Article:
Eyrie Vineyard's David and Diana Lett established their winery in 1966, naming it for the red-tailed hawks that made their nest (EYE-ree) in the fir trees at the top of the vineyard. It was the first planting of Pinot noir and Chardonnay in the Willamette Valley, and the first Pinot gris in America.
David and Diana's son, Jason, took the reigns with the 2005 vintage. A little from Jason about that experience: "In my late 20s, a winemaker scared the hell out of me. It was at a tasting at a friend’s house in Burgundy, after which we dispersed onto the shaggy sheep pasture that passed as a lawn. The afternoon moved to drinking, not tasting. Roman made a beeline towards me, and he started asking pointed questions: “when will you take over the domaine? Is your father ready for that? What will you do if he doesn’t “rendre” (surrender!)?
I can’t remember how I answered, but I remember the statement that all his questions had been leading up to. “If a son does not take the domaine before he is 35, then he will never be a great winemaker. After 35, he is too soft, he will listen too much to his father. The domaine will never move ahead.”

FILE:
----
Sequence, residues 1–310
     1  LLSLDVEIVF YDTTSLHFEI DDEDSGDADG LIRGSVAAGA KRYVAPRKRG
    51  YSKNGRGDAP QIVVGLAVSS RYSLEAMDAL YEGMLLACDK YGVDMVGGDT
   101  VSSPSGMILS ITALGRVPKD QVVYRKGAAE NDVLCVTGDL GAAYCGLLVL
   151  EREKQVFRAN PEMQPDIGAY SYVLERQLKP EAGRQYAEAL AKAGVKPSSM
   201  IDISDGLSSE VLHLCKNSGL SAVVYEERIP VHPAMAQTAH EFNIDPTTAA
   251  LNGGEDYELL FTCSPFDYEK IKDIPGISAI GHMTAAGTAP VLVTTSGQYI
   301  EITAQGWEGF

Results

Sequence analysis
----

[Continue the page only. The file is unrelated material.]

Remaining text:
I knew my father (whose veins ran with Pinot) would not happily “render,” nor would I ask him to. As I moved into my thirties, Roman’s deadline of 35 loomed closer, and I turned away from winemaking altogether.
Then my friend John Davidson gave me an unexpected gift: he asked me to make wine any way I wished, with any Pinot I wished, at his winery and from his vines. He believed I had potential but he offered no advice, just a space and a blank slate. The wine turned out better than I could have believed. That first vintage became the 2002 BlackCap Pinot noir.
I learned most of what I know about winemaking from my dad, but John taught me to trust what I learned."
When I describe Eyrie's Original Vines wines, I often sum it up this way: this wine, these vines, are largely responsible for putting the Willamette Valley on the map as a world-class wine growing region.
That's a lot to put on a wine, and a lot to put on the person in charge of growing and making it.
That person is Jason Lett and from my standpoint, he's one of the few people on Earth who's capable of doing it. He has an extraordinary mind. I forget how many conversations I've had with him over the years - hundreds - but every time, that's every, I learn something new. And I almost always laugh.
Jason is essentially two winemakers; he is carrying on the family tradition at Eyrie while establishing his own wine voice through Eyrie. He's the head of a relatively large winery, with distribution all over the country, and he's an indie winemaker with a tiny, boutique label. He deserves incredible respect for accomplishing it all, and for being a true ambassador of Oregon wine. - Marcus